“I have a different idea,” continued John.  “But we’ll need some money to make it work.  Bill, do you have any money saved?”
Bill was visibly surprised by this question.  “Just a bit,” he said.  “I was thinking of getting me one of them fancy new hats… before that thing showed up.  What’s it to you?”
“I’ve been saving my money for a long time,” explained John.  “I’ve got about 27 dollars saved up now.  Here is what I think we ought to do.”
John explained his plan carefully to the men.  Some of them were listening attentively, while others looked incredulous, even scandalized.
“You’re crazy!” shouted Bill.  “It’s a pipe dream.  We’ll never beat the boss at his game.”
“It’s the only way forward.”  John spoke with the assurance of that reason provides.  “I’ve met the boss.  He isn’t our enemy.  He only wants to see this line finished.”
“Bullshit!  We are nothing but slaves –”
At this word, John’s usual good nature left him.  “Shut your mouth, friend!  Are you a slave?  I was.  My master used to own me.  Now, I own myself.  I am a free man.”
Seeing John in this state was a shock to all of us.  Bill apologized softly, and was silent.
John’s proposal was complicated, a lot more complicated than smashing that black monster into scrap metal, but it made a certain kind of sense to me.  I took the time to explain it to those who didn’t quite understand it.  By the time the sun went down, we had all come to an agreement.

The next morning, Mr. Wheeler found the work site deserted.  Assuming we had all deserted our posts rather than face the machine, he fired up his steam hammer.  He was just about to begin work when he felt a rumbling from the east.  The rumbling grew into a roar that drowned out even the sound of his own engine.  Another machine, much like his own, but somewhat larger, was coming down the line.  On it rode John, accompanied by Mr. Rockwell, the regional work manager.

The new steam hammer came to a stop with the hissing sound of escaping steam.  This fire-breathing giant was a shining black testament to human ingenuity.  John’s heart swelled with pride as he beheld the magnificent bulk of its form.  This was no monster.  This was our salvation.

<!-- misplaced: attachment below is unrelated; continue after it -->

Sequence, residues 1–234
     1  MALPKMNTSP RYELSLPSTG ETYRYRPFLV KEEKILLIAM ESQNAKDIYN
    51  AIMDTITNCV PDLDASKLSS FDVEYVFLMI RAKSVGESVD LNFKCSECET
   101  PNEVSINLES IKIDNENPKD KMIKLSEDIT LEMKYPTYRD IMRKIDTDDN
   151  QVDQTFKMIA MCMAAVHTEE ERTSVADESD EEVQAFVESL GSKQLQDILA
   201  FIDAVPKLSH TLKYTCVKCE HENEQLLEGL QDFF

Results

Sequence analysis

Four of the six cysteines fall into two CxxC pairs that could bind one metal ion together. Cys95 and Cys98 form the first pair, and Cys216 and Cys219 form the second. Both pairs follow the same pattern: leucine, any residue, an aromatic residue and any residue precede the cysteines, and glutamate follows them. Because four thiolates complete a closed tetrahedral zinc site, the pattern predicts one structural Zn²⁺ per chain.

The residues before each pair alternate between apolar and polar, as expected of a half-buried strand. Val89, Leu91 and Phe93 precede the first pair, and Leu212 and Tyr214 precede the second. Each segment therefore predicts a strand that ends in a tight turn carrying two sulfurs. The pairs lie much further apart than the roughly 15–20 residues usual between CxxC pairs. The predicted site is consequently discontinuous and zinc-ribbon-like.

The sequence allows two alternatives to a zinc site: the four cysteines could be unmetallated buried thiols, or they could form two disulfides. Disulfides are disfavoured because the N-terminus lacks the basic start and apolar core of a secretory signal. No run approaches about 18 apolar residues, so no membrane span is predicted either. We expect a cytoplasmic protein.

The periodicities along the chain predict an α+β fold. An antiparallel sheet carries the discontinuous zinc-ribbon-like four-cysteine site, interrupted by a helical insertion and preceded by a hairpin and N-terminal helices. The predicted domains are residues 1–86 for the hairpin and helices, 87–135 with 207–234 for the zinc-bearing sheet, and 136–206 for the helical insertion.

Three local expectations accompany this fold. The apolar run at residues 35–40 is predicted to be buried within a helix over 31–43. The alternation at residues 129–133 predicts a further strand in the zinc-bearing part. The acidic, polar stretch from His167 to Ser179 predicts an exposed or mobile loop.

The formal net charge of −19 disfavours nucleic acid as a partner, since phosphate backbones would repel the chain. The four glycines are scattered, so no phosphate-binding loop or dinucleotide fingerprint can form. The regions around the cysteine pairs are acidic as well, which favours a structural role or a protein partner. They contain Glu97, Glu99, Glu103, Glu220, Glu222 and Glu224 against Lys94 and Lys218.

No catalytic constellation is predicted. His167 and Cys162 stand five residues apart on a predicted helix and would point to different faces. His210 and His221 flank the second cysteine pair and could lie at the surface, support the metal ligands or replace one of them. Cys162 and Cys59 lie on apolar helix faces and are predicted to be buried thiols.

Mr. Rockwell wasted no time in reassigning Mr. Wheeler to a new location, explaining simply, “This new machine will get the job done faster here.”

It seems that John had been busy for quite some time.  He knew a man who would rent him this steam hammer by the month.  He knew a man who would supply the fuel.  He also had friends who had agreed to lend him some money when he needed it.  That, combined with our pool of money, had been enough to close the deal.  All that was needed was for Mr. Rockwell to agree, which he had done that morning.

With the money that Mr. Rockwell paid for the work, John was able to pay back his friends in short order, with interest.  A few of the men worked to operate and maintain the steam hammer, while others went separate ways, but all of them continued to benefit from being part owners of the enterprise.  None of them ever worked a single twelve-hour shift after that day.  At the end of every month, John would take great pleasure in dividing up the money that Mr. Rockwell paid among us.

As months became years, John earned enough money to buy the steam hammer, and then others.  He and most of the other men became prosperous, and the rail roads they built moved people and things from coast to coast.

One night, as John and Polly Ann were reviewing the accounts, Polly Ann looked pensive, as if astounded by their good fortune.
“Are you happy the way things turned out?” asked John.
“Well, yes, but it sure would have been good to see you beat that steam hammer!”
John smiled the broad, honest smile that had won her heart years ago.  “You’re right,” he said, “That’d make a mighty fine story, but I’d rather be alive to tell this one.”